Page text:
With the death of Osama Bin Laden and recent news of intelligence on al Qaeda from Bin Laden's computer records, it appears we've struck a major blow to international terrorism. Yet, when taken as part of the totality in the Middle East, we may be looking at a vastly different and much more dangerous landscape soon.
If what I've heard recently is true, al Qaeda may have split in half on religious grounds with a more radical faction ignoring Bin Laden's leadership. If so, this is consistent with what we've seen in Egypt and Libya, where more radical factions have pushed for the removal of less strident or weaker leaders. Even more radical Islamic regimes, such as Iran, could be moving in that direction.
Whether international terrorist groups are leading the charge or going with the flow is immaterial. The real issue is the further radicalization of the Middle East and its impact on the war on terrorism. Dealing a death blow to al Qaeda (or a portion of it) is good, but if we leave it at that, we're setting ourselves up for failure yet again, a failure that could dwarf 9/11.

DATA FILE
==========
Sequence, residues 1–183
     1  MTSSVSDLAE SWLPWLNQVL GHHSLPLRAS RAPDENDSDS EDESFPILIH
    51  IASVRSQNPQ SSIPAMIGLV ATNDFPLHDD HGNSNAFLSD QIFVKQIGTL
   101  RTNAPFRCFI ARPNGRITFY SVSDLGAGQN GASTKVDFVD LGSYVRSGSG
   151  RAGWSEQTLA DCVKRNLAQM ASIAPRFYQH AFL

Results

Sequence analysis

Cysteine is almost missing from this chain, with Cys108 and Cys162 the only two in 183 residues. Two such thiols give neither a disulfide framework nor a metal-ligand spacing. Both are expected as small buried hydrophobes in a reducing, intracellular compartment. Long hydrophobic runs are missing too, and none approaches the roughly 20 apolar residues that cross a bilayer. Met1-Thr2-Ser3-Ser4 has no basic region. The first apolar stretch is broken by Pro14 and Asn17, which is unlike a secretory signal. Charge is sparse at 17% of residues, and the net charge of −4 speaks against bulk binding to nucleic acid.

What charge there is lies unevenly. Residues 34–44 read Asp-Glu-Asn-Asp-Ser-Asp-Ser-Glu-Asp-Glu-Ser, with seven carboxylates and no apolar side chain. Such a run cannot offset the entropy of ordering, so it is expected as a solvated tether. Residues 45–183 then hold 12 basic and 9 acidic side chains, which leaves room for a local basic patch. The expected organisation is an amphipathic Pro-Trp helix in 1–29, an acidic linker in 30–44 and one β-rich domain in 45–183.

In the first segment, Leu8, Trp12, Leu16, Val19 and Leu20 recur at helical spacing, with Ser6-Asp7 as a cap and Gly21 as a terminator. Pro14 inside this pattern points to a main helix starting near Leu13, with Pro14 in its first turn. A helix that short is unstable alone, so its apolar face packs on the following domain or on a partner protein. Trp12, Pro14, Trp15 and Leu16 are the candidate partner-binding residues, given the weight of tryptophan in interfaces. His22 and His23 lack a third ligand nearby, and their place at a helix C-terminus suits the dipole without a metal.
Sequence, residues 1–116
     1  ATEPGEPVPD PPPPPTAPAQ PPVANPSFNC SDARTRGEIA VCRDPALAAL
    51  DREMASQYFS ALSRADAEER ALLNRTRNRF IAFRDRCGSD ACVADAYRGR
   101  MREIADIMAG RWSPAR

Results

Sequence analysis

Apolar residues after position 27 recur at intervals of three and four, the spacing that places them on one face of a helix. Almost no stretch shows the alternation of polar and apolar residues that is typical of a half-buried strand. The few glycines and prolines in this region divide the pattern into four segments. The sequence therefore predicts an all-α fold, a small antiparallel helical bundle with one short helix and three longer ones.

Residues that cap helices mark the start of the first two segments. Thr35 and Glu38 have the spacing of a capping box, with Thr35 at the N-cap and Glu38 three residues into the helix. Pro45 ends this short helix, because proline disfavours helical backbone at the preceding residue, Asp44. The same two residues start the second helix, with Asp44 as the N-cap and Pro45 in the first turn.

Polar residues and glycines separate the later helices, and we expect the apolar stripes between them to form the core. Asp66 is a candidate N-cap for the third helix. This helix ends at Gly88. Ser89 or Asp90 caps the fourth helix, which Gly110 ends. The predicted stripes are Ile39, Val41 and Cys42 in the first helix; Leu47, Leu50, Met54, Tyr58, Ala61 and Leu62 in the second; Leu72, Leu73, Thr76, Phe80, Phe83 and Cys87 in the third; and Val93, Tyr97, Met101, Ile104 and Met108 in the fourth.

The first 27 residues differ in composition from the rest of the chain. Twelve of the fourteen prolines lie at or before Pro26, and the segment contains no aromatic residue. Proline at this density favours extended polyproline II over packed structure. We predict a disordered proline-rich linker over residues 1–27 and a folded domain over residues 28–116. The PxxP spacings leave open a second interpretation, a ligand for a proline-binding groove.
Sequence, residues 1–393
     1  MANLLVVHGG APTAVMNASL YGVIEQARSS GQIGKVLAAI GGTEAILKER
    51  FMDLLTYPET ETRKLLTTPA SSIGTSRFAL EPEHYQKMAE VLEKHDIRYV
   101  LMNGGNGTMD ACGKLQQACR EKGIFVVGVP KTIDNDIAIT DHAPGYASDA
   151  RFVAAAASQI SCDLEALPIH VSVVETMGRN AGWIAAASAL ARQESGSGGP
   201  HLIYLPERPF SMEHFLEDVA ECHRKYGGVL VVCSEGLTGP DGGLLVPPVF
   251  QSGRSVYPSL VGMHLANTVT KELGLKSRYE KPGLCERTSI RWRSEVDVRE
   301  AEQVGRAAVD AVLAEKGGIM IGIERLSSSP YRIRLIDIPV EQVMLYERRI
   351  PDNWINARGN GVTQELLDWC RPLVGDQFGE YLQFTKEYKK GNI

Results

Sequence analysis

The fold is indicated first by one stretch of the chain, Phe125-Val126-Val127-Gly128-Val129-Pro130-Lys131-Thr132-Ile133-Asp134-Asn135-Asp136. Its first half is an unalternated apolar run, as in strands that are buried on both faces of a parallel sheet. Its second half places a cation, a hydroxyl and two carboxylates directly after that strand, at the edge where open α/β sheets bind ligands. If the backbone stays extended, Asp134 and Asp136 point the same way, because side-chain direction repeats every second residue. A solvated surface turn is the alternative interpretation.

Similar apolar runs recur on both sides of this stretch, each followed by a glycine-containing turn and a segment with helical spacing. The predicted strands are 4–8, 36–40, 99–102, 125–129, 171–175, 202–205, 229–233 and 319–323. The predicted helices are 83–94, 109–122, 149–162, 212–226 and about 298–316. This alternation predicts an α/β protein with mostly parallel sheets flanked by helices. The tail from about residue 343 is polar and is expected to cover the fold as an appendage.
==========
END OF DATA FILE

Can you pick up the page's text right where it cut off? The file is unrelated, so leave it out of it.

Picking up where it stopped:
So, what are we doing about it? From what I'm seeing, not much. President Barack Obama can do as many victory laps as he wants, but he's already come out supporting the forces in Egypt and Libya, both of whom have clear ties to radical Islam. Even former President George W. Bush took his eyes off the ball in the war on terrorism by not following through once Iraq and Afghanistan were more stabilized after our military interventions. Sure, waterboarding and Gitmo worked to nab Bin Laden, but we've wavered on those as well.
Also, doesn't it bother anyone else how quickly the Obama Administration sided with the more radical elements in Libya and Egypt? It's not like those elements have hidden their agenda or their hatred of America, either. Yet, we're content to let them do the dirty work in getting rid of leaders we no longer "need" in power. If they succeed, something will have to fill the vacuum, and I don't think it's going to be filled by Muslims who want to peacefully co-exist with the West.
Although we can breathe a sigh of relief at Osama Bin Laden's death, the war on terrorism isn't over by that one act. There is a bigger storm on the horizon, and if recent history and current events are any indication, we're not ready for it.